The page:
• With serverless, you may find that you have code scattered in many different places.  Managing code across multiple platforms can soon turn into a nightmare and could introduce new bugs or even worse, rogue code that a developer has put up for a “quick fix” that is forgotten about until it breaks.
  • The learning curve for serverless is much steeper than that of webhooks and you often cannot leverage existing skill sets because the platform will determine the tools and languages you must use.
  • Finally, security is still an issue.  You may be storing proprietary code and IP on external sources.  You will need a mature security model to handle multi-tenancy, RBAC, and code isolation for your applications.   This is in addition to all the normal data protection and threat vulnerability work you need to do.

Musical Chairs – VMWare Dispatch

There are lots of options when choosing a platform for integration projects.  You need to understand the benefits and drawbacks for each approach and choose the one that best fits your requirements.

However, VMware is working to bridge the best aspects of each of these approaches and eliminate the drawbacks with a new open source project called Dispatch. Dispatch is not another FaaS offering.  It is designed to allow enterprises to build and manage applications and automation extensibility by adding enterprise-class features on top of an existing FaaS layer. It has current support for OpenFaaS and Riff with future support for AWS Lambda and others.

  • Just like Kubernetes brings additional value to a container-based infrastructure by adding needed features, Dispatch builds on the strengths of a serverless architecture by adding features like RBAC support, Multi-tenancy, and a rich API.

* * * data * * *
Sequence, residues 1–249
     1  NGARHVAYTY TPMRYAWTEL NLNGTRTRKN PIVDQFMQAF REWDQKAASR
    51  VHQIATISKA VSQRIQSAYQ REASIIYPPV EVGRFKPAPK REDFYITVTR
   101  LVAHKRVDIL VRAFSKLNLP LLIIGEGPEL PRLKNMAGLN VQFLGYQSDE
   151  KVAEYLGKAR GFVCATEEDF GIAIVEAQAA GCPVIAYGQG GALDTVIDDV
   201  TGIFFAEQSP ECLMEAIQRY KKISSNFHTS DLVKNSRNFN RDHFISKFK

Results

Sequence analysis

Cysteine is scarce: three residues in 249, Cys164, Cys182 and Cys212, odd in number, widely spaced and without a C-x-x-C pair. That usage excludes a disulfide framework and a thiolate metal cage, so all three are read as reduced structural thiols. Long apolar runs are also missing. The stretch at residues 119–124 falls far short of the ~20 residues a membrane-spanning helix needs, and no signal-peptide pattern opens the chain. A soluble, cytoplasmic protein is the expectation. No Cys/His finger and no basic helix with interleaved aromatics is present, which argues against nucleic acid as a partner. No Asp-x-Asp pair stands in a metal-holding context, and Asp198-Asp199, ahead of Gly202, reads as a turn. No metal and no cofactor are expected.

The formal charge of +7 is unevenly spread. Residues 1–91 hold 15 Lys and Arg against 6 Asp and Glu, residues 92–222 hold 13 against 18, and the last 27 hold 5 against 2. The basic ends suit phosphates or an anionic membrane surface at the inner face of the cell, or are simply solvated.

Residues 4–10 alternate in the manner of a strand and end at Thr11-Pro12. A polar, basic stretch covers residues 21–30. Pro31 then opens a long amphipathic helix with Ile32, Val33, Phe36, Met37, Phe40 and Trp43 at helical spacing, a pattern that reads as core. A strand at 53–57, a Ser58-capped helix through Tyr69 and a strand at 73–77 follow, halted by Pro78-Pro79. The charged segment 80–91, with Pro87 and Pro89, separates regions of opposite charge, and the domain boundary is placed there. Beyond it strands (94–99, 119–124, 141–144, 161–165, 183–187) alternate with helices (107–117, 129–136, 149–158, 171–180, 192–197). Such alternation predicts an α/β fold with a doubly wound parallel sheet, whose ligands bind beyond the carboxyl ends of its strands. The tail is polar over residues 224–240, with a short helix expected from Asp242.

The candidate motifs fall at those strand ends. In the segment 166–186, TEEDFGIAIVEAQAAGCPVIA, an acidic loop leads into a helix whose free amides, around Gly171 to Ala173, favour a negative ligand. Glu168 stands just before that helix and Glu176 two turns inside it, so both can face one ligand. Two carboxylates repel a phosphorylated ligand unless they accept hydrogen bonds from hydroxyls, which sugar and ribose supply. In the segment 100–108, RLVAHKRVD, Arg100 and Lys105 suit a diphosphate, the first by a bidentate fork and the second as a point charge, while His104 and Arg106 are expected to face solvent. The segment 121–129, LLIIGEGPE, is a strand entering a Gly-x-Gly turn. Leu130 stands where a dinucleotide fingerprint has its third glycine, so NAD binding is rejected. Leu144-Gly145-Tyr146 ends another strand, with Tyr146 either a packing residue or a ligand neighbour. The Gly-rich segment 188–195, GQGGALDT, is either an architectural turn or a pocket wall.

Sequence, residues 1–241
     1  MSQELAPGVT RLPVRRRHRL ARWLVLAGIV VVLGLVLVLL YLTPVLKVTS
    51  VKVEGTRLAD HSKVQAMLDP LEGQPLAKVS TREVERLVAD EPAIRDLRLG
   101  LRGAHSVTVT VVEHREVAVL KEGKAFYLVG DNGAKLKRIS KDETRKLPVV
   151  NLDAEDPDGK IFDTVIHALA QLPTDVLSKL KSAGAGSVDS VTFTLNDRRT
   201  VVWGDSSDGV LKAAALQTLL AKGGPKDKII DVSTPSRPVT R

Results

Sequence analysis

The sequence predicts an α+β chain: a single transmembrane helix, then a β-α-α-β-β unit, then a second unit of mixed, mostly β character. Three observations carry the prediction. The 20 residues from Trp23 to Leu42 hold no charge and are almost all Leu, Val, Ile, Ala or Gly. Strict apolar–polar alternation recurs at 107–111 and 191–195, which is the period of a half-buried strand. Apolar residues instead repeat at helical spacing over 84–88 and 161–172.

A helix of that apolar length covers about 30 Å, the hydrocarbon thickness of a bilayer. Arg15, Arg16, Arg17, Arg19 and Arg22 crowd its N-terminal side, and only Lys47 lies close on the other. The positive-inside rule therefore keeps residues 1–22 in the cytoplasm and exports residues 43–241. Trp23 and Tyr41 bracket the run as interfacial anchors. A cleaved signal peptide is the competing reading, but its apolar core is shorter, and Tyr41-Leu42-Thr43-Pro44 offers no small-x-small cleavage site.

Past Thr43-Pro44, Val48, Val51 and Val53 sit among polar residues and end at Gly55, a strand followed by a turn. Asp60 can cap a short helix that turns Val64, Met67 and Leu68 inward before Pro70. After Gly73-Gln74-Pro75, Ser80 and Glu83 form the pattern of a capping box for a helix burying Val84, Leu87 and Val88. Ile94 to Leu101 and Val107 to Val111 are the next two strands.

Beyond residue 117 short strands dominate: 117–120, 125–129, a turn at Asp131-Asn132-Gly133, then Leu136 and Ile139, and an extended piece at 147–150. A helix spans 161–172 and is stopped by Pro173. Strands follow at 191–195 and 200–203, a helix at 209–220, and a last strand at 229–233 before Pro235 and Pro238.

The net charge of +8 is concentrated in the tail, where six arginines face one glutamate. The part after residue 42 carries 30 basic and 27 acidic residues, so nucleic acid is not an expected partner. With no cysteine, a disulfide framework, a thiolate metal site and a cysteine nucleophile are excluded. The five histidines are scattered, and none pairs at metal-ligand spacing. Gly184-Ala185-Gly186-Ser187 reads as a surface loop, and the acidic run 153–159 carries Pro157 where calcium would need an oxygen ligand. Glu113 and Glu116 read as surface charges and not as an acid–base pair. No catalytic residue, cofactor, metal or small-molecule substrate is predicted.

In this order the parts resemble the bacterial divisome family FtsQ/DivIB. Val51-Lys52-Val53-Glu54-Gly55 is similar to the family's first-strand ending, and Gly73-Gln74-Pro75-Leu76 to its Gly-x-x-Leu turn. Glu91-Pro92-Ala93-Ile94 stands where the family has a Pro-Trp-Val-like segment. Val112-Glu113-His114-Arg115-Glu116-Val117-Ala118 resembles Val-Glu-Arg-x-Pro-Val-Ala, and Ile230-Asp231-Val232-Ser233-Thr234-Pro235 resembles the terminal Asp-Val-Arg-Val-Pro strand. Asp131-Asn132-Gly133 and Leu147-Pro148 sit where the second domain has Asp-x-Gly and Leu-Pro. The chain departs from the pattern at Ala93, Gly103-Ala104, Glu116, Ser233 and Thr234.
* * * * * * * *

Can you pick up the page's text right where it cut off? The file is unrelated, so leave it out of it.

• Because Dispatch can be deployed both on-prem or in the cloud, you get to choose the control you need for your data and applications.  This eliminates some of the data sovereignty and control issues you have with traditional serverless platforms.
  • Security is built-in to the framework to allow full RBAC control based on OAuth 2.0 backed by GitHub or Active Directory.
  • Code is kept updated with direct integration into your corporate source code repository, ensuring all your artifacts and code remain under a centralized management structure.
  • Dispatch’s API built on the Kong Microservice API Gateway that enables you to build webhooks as needed to trigger functions in support of your automation extensibility project.  This allows you to use the right tool for the right job without sacrificing capability, manageability, or security.
  • Finally, you can monitor the dispatch infrastructure with your existing toolset to giving you visibility into all aspects of your automation pipeline and ensuring appropriate availability and performance of your mission critical applications.


The future of automation extensibility is bright.  When you must determine the level of effort for an automation project, there are a lot of good options, but there can also be lot of questions.  What are the performance requirements? How will I manage and monitor this? What will the payload look like? What APIs are available? What language will I use?  How will I secure it? What will this cost to run?

VMware Dispatch offers the most options with the best security and serviceability model for enterprise-class applications. It gives you a best in breed extensibility platform for automation that combines the best of traditional and emerging technologies to meet these requirements and more.

For more information on VMware Dispatch: